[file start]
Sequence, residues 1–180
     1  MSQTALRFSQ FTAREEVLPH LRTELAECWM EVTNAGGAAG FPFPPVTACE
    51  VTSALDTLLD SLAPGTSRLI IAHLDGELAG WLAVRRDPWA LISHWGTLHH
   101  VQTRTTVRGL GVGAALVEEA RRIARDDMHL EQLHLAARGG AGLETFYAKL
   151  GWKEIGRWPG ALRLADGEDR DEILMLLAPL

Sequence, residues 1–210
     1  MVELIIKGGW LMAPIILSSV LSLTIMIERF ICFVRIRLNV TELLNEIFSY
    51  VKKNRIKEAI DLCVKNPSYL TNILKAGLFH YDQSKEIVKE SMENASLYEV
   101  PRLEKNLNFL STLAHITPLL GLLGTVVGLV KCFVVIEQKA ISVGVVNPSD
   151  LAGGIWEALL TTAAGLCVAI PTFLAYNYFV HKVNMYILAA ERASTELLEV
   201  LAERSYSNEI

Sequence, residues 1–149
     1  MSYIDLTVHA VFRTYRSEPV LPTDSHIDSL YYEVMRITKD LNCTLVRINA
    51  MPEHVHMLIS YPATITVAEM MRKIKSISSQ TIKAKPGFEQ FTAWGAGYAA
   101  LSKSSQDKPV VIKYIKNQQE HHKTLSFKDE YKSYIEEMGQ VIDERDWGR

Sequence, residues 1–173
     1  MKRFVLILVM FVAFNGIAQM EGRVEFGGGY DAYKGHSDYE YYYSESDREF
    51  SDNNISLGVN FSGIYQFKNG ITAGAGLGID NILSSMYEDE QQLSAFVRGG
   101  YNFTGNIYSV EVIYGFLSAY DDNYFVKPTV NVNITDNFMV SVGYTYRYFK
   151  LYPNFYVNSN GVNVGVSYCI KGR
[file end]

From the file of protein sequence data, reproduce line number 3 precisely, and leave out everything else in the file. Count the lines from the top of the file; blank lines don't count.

    51  VTSALDTLLD SLAPGTSRLI IAHLDGELAG WLAVRRDPWA LISHWGTLHH